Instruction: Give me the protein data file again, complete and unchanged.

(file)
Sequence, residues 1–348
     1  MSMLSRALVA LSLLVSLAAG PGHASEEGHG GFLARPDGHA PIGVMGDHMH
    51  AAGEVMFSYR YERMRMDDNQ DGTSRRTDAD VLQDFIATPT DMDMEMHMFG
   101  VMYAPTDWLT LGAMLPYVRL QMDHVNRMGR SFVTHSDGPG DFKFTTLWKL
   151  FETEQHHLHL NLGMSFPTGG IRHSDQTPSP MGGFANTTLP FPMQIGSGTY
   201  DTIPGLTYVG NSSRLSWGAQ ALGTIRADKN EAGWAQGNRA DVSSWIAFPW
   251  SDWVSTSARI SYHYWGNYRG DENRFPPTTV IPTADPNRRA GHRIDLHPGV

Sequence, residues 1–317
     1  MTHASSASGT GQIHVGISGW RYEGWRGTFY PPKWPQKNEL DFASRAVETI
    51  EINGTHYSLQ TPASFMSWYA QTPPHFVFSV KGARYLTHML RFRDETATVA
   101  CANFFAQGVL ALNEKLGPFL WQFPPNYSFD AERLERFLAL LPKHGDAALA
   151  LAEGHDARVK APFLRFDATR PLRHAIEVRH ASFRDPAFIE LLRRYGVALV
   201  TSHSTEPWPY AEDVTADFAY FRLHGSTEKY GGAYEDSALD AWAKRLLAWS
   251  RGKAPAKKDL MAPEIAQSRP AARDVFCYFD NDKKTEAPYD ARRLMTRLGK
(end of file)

Sequence, residues 1–348
     1  MSMLSRALVA LSLLVSLAAG PGHASEEGHG GFLARPDGHA PIGVMGDHMH
    51  AAGEVMFSYR YERMRMDDNQ DGTSRRTDAD VLQDFIATPT DMDMEMHMFG
   101  VMYAPTDWLT LGAMLPYVRL QMDHVNRMGR SFVTHSDGPG DFKFTTLWKL
   151  FETEQHHLHL NLGMSFPTGG IRHSDQTPSP MGGFANTTLP FPMQIGSGTY
   201  DTIPGLTYVG NSSRLSWGAQ ALGTIRADKN EAGWAQGNRA DVSSWIAFPW
   251  SDWVSTSARI SYHYWGNYRG DENRFPPTTV IPTADPNRRA GHRIDLHPGV

Sequence, residues 1–317
     1  MTHASSASGT GQIHVGISGW RYEGWRGTFY PPKWPQKNEL DFASRAVETI
    51  EINGTHYSLQ TPASFMSWYA QTPPHFVFSV KGARYLTHML RFRDETATVA
   101  CANFFAQGVL ALNEKLGPFL WQFPPNYSFD AERLERFLAL LPKHGDAALA
   151  LAEGHDARVK APFLRFDATR PLRHAIEVRH ASFRDPAFIE LLRRYGVALV
   201  TSHSTEPWPY AEDVTADFAY FRLHGSTEKY GGAYEDSALD AWAKRLLAWS
   251  RGKAPAKKDL MAPEIAQSRP AARDVFCYFD NDKKTEAPYD ARRLMTRLGK